Last night I stepped onto a stage in San Mateo and sang a song. I had been invited to perform, along with an award-winning entrepreneur, activist and spoken word artist named Regina Evans and a local dance team called Free2Worship, at an event to raise awareness of human trafficking in the San Francisco Bay Area sponsored by an organization called Before Our Very Eyesin partnership with the Bay Area Anti-Trafficking Coalition.

My dear friend, filmmaker and pastor Anthony ‘Tony’ J. Gapastione, had asked me to write a song to be recorded by Loretta Devine and included in the end credits of his new short film Neighbor. This was back in January of 2016. It was the first song I had written in many years, and as I thought about the concept of freedom from bondage, these words came spilling out onto the paper.

I’m trying to be patient
I’m putting in my time
I know I’ve got it good compared to some
Oh but I can’t help but wonder when it’ll finally be my turn
I can’t wait to finally go home.

Going home, going home
I wish I knew when I could go back home
Going home, going home
I wish I knew when I could go back home

I know I don’t deserve it
I know I made my bed
But all I do is toss and turn and moan
They say you help the needy, so listen to my prayer
Help me find the way to go back home

Going home, going home
I wish I knew when I could go back home
Going home, going home
I wish I knew when I could go back home

“Home” is a difficult concept for me these days. Where, exactly, is home?

For 23 years, home was wherever my wife and kids were, whether Indiana, Houston, Seattle, Tulsa, Redwood City or Santa Rosa.

Is my home in Indiana with my parents and siblings? I’m so excited to take the twins to visit next month. It will be good to be all together again, on this side of coming out, and I’m grateful for the opportunity to be face-to-face with my family again, to talk without miles and miles separating us.

Is my home in the LGBTQ community? Last night after the event in San Mateo, I went with Tony to a screening of a movie called Saturday Church at the Frameline Film Festival. We were in the iconic Castro Theatre, surround by LGBTQ people, and the film was unabashedly queer. I felt, as I often have over the last year, totally at home with “my people” in that place. But is it my home?

I slept over at Tony’s and woke up in Redwood City, mere yards from the home in which I lived with my family for many years. It was in that home that I first came out to Luanne. It was in that wonderful church that I felt the real, loving presence of God Almighty, loving me and welcoming me as his precious son. I learned to be a pastor at Peninsula Covenant Church. I got honest about my life and my shortcomings. The twins were born while we lived in Redwood City. Josh and Jake were baptized there.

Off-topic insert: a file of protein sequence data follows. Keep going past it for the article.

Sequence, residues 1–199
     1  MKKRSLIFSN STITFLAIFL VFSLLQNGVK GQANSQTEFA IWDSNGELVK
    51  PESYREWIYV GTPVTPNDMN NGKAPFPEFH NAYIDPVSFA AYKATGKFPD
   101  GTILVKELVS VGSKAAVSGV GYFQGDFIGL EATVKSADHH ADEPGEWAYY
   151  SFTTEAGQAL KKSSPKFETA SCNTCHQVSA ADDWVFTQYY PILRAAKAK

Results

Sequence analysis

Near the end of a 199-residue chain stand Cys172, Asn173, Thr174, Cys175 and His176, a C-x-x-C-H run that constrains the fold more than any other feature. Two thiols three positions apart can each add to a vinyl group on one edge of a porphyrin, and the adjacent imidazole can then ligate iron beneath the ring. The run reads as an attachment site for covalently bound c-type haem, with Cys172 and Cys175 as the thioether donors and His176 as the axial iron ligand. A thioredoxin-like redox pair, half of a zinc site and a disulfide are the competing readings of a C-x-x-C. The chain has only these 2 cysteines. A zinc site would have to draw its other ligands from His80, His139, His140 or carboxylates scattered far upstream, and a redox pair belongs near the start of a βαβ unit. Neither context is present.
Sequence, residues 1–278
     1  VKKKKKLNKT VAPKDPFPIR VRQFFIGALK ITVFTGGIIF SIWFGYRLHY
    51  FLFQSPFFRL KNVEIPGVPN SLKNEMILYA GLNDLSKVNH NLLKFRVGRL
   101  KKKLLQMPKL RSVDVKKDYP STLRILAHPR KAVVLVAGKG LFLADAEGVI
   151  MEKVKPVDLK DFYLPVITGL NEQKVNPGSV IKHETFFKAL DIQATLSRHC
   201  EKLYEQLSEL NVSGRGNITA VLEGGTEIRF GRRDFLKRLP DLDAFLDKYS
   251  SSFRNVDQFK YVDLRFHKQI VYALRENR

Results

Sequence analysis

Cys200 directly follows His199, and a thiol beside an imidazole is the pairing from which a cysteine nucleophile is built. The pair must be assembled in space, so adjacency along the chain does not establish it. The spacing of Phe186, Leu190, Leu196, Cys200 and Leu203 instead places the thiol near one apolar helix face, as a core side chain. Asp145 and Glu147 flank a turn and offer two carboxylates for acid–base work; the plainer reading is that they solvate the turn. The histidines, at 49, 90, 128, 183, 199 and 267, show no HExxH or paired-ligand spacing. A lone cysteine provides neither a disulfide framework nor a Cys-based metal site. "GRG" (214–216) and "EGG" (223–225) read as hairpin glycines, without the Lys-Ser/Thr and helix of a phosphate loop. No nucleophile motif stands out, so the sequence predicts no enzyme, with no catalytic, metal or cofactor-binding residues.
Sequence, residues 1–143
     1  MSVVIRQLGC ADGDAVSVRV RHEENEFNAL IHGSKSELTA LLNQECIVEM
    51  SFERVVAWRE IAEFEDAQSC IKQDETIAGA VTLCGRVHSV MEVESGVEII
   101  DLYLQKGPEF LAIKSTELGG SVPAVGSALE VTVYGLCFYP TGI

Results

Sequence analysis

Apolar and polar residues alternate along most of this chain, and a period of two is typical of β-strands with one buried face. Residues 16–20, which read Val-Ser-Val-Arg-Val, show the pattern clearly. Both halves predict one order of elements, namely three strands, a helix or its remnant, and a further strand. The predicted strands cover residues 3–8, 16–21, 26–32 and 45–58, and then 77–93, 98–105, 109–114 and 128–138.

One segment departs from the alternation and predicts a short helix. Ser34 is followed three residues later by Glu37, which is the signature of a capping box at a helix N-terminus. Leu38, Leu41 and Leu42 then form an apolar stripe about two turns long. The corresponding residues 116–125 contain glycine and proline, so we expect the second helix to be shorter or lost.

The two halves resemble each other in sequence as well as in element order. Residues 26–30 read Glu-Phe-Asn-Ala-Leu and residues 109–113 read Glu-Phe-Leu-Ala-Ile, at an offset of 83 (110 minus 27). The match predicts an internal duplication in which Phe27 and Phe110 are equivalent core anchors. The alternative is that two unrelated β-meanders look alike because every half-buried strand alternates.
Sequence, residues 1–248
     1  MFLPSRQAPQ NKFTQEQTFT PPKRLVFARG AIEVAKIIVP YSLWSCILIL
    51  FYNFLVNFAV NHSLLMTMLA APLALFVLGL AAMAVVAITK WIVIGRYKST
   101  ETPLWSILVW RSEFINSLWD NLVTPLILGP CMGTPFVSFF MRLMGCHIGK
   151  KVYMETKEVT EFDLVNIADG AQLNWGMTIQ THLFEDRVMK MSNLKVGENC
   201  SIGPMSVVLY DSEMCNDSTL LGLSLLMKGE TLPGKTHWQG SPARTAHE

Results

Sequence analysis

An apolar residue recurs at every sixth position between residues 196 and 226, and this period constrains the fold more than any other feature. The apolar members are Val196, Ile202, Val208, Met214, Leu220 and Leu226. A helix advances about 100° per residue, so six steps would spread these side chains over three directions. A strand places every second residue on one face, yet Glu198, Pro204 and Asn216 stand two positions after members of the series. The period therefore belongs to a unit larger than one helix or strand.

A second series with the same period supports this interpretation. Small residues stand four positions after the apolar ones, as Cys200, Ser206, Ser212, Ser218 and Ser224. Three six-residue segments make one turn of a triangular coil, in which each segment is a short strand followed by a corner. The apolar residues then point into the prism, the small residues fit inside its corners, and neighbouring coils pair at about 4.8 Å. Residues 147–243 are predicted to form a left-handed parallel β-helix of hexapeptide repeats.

I sat in the Starbucks at Sequoia Station this morning and tried to write this post. I had lunch with a friend at Milagro’s. I marveled at the new construction and how unrecognizable downtown RWC is these days.

And then after lunch, I had the opportunity to visit some close friends. We have only spoken a few times since my coming out last summer, and it’s been, frankly, a little awkward and painful. Today I had a chance to share my heart and to hear theirs. I was able to admit responsibility for some of my wrongs and to say, “I’m sorry.” I left feeling grateful for the chance to re-connect and hopeful for the future of our friendship. I felt like I had been at home.

Tonight I’m sitting on my bed in Rohnert Park. Since February, I’ve been living in a rented room in a house that I share with six other people. This isn’t my ideal living situation, but for now, it’ll do. My housemates are friendly, and I know I’m welcome here.

Again and again throughout the last year, I’ve found myself needing hope and comfort. Oftentimes I look to other people to affirm me and to give me courage to face whatever it is I’m facing, but as Annie has told me again and again, I cannot look to people. I have to find my peace, my security, and yes, my home… in God. I John 4:16 says, “And so we know and rely on the love God has for us. God is love. Whoever lives in love lives in God, and God in them.” THAT is my true home.

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